Iberian lynx fossils dating to 1.6 million years ago were recently recovered from a cave in Barcelona, Spain. This specimen represents the oldest lynx specimen ever found, suggesting the species arrived in the area 500,000 years earlier than researchers previously thought.
"We have confirmed this earlier appearance of the Iberian lynx based on initial molecular studies that estimate the emergence of this feline during the Early Pleistocene in the Iberian Peninsula," Alberto Boscaini, a researcher at the Miquel Crusafont Catalan Institute of Paleontology (ICP), said in a statement.
Currently, the Iberian lynx (Lynx pardinus) is considered critically endangered; only about 300 individuals are alive today, some of which can be found roaming Spain's Doñana National Park. Iberian lynx are covered in spots, weigh between 10 and 13 kilograms, and grow to an average height of 88 to 100 centimeters.
After collecting the fossil specimens, researchers from the Spanish Foundation For Science and Technology (FECYT) determined the ancient version were between 10 and 20 centimeters larger and roughly 10 kilograms heavier than their modern offspring. Their elder version's coat was also longer in order to withstand continuous, near-freezing temperatures of the Early Pleistocene, according to a news release.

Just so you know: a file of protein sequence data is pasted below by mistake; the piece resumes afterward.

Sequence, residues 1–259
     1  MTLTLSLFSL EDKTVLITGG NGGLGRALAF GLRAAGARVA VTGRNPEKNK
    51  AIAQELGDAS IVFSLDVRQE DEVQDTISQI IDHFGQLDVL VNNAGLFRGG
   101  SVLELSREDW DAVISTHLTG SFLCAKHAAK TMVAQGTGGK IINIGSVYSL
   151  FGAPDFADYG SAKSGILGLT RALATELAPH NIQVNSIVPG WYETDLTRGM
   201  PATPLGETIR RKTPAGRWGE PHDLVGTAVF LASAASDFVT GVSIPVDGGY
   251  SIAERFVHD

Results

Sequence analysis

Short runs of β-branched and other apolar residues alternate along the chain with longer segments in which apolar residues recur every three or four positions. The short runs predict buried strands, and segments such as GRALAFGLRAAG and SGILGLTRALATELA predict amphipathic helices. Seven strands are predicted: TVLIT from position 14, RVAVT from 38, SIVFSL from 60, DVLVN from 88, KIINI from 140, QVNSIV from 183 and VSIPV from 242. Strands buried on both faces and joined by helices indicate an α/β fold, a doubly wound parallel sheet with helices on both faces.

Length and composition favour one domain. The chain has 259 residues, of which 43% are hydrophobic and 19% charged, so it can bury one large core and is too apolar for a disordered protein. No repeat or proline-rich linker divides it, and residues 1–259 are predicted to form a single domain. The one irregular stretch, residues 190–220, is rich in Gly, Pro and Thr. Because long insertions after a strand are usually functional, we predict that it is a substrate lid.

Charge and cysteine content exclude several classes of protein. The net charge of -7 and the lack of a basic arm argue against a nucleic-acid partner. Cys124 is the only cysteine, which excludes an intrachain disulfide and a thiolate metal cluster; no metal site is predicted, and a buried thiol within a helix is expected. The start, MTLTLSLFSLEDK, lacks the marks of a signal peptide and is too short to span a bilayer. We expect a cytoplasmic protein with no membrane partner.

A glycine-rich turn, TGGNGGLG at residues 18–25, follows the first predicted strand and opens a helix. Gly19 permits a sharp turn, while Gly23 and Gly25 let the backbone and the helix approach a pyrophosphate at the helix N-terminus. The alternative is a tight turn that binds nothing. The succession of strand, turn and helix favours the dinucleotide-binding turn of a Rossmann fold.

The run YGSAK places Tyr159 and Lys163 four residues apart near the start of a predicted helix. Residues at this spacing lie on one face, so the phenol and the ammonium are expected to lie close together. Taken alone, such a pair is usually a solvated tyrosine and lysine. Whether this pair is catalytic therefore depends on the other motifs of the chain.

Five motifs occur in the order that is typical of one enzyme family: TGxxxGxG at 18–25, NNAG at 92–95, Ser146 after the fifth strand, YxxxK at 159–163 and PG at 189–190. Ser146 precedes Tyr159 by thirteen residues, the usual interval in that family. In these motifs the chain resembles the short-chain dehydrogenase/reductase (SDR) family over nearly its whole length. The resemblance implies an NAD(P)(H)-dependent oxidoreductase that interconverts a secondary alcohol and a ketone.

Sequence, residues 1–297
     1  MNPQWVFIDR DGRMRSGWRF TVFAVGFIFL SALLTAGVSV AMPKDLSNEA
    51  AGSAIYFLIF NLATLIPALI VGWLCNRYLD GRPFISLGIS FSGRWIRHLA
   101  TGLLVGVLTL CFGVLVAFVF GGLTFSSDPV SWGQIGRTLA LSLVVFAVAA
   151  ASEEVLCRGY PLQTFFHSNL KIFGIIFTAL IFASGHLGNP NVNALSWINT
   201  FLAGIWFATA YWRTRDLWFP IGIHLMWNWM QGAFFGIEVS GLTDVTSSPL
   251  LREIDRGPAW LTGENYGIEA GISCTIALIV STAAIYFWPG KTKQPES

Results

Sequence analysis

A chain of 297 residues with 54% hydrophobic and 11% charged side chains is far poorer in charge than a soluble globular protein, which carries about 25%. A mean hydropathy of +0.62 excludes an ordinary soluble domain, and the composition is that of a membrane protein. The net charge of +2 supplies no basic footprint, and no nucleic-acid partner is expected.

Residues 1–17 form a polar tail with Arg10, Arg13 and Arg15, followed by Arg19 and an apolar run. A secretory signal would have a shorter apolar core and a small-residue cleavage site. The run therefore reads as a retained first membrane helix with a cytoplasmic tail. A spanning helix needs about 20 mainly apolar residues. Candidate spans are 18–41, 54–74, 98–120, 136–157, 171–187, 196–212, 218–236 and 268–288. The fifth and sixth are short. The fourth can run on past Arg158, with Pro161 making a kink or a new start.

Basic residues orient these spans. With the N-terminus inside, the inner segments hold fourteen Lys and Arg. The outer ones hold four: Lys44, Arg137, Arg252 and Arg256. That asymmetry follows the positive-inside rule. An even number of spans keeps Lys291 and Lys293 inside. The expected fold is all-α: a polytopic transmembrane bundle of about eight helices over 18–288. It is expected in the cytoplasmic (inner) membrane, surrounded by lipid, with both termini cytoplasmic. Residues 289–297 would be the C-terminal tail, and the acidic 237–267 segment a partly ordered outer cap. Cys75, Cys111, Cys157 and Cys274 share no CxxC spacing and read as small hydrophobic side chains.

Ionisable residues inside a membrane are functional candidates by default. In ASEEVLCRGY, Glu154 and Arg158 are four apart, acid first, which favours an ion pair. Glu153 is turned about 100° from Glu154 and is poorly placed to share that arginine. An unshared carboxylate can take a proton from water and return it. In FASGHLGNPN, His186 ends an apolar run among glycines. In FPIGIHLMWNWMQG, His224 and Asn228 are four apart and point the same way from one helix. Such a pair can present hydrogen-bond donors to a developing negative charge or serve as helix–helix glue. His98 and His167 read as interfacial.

Researchers noted that the Iberian lynx cranial fossils were found alongside horse, goat, deer, woolly mammoth, fox and wolf bones preserved in the Avenc Marcel Cave located in the Garraf massif of Barcelona. These finding helps researchers better understand the emergence of the Iberian Peninsula's most emblematic species and what ecosystems would have been like during the Early Pleistocene, according to the release.
The first known species of lynx, Lynx issiodorensis, emerged in North America about four million years ago and then spread to areas of Asia and Europe, researchers explained. As it evolved in different ecosystems, it became smaller over time. Researchers believe the current lynx species that inhabits the Iberian Peninsula may have evolved differently as a result of isolation during several consecutive glacial periods. Speciation might have occurred as a result of hunting different prey.
The study was recently published in the journal Quaternary Science Reviews.
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